The art of portrait painting in oil colours
This informative book on portrait painting has been preserved for generations and fully deserves to to be available to all portrait artists online. While the art of portraiture has moved on, much of what was written is still valid and relevant to the modern day portrait painter.
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THE THIRD AND FINISHING PAINTING
We here suppose that the work is yet short of the brilliancy and force which it should receive from the process of finishing If any marks of the brush appear that may in any wise blemish the surface, they may be removed, as already recommended, by a knife.
It is not necessary to oil out in the finishing painting, as the picture should only require to be partially touched upon ; but the colours will work more kindly if the sponge, moistened with water, be passed over the surface.
If the natural complexion afford strong and florid hues, such as are seen in the masculine subject, the mask may be glazed with the tint compounded of Rose Madder, Raw Sienna, and White. But if the sitter be a lady or child, this glaze must be omitted ; indeed, even in painting the head of a man, unless in skilful hands, it frequently leaves, here and there, hot and foxy passages.
It must never be forgotten that the great beauty of finishing is transparency, in order to obtain which the colours must be, as it were, held in suspension over the second painting. With this view, therefore, somewhat more of vehicle must be used than has hitherto been necessary. To all the higher lights the brush should be applied well charged with colour, but as we depart from these, the retiring tones must be laid on still with a view to transparency, which may be obtained here, not so much by the addition of vehicle as by driving the colour sparingly.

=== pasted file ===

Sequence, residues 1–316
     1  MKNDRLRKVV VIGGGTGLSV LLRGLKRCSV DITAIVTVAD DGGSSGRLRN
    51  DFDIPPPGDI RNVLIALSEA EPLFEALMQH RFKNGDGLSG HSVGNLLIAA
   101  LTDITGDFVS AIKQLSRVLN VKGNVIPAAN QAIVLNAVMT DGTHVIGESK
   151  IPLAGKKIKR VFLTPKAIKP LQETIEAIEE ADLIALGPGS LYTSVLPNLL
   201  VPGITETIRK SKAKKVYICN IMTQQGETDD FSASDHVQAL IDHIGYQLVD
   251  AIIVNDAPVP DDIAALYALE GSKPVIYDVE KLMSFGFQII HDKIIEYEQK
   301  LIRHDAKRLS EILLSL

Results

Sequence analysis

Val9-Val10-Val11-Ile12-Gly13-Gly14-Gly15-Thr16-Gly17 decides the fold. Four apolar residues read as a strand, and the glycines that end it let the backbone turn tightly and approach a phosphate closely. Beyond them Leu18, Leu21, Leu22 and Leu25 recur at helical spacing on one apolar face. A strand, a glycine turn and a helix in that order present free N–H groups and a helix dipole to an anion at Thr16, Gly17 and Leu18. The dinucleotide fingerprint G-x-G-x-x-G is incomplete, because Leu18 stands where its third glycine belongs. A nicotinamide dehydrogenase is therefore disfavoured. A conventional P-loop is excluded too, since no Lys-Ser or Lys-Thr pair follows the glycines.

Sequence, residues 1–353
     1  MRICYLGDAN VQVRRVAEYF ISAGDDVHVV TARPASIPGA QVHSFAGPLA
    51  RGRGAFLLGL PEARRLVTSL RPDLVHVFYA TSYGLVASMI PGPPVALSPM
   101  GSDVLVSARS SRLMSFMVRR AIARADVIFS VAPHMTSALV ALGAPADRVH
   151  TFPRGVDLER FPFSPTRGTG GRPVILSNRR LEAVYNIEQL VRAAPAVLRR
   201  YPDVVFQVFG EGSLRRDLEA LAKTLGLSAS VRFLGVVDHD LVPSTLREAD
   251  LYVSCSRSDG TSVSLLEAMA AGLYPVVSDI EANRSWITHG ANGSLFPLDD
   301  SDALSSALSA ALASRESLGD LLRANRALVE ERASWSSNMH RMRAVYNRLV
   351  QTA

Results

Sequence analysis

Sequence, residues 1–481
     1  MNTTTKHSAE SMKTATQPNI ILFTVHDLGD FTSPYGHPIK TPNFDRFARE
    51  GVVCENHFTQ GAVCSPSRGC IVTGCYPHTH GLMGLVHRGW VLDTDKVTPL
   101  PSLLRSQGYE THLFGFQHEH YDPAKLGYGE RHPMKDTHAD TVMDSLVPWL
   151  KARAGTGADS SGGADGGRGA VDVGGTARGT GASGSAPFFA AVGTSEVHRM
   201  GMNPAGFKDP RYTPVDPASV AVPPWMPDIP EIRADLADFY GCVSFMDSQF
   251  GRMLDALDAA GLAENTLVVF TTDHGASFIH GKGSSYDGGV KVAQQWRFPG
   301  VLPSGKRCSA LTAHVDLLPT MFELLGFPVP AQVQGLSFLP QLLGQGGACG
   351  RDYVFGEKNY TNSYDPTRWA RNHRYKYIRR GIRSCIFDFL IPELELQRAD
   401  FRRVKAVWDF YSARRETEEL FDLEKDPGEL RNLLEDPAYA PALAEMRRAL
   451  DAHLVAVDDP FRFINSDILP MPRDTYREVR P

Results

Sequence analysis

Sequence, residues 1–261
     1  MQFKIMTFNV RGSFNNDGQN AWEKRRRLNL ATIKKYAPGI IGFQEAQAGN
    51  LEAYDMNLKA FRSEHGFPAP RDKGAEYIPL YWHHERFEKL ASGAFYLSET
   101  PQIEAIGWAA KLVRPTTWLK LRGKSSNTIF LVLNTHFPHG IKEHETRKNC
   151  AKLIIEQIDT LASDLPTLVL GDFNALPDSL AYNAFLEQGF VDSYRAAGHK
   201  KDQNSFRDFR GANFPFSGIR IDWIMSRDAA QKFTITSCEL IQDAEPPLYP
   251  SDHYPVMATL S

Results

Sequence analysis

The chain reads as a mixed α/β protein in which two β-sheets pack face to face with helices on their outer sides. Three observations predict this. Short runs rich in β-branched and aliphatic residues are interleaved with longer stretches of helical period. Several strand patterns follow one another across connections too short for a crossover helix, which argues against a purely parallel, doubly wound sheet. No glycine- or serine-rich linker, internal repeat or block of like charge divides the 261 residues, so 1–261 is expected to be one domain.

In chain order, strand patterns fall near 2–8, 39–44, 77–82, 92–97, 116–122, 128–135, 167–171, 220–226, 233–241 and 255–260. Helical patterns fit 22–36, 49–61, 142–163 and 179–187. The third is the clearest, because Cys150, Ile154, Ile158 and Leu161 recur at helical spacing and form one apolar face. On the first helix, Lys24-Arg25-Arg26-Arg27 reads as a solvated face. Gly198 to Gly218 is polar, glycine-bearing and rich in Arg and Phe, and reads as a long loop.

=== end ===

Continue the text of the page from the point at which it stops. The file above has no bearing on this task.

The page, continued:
It will be advantageous to proceed with a quick and decided touch, which leaves the colour pure and preserves the preceding tints unmixed, although wet; and in working upon the different parts of the picture, it will be well to employ a sable pencil for those details in which great nicety is required, as in the eyes and mouth.
In painting carnation tints, the colour should be used as free from mixture with White as possible. Should gradation be required, it will be preferable to work into the colour some lighter tint, whereby gradation and variety may be obtained.
The lines of all the features should be softened into the gradation by which the features are relieved, with the action of the brush sweeping beyond their respective limits, so that the relieving shade may be seen through the colour carried over the line. The transitions from light to shade should be softened, so as to preserve the separation of each tone.
If high finish be desired, it will be necessary to retouch the mask several times, letting the work dry between each operation. The result of this elaboration will be great purity and brilliancy.
We now suppose that the head has been sufficiently considered-that is to say, that all has been done to work out a satisfactory portrait. Sometimes artists require many sittings for the completion of a portrait; others ask only a few; but whether the sittings be few or many, the manner of conducting the work is much the same. We have proposed, both for the second and third painting, processes which, according to the character of the model or the proficiency of the painter, may require one or many sittings.
At the commencement of the third painting the student is presumed to have found his work sufficiently perfect in resemblance with regard to the modelling of the features. The complexion had to be brought forward to the strength of nature, the lights heightened, and the shades deepened ; all of which it is supposed has been done.
About John Payne
I’ve been a professional portrait artist for the last 12 years but have been painting for a lot longer . I started out by painting nothing but seascapes and still do the odd one from time to time , I then moved onto landscapes and wildlife paintings before I finally decided to concentrate on portraits.
I get commissioned to paint a lot of pets , mainly dogs – but I also get to paint a fair amount of portraits of people.
more about John John Payne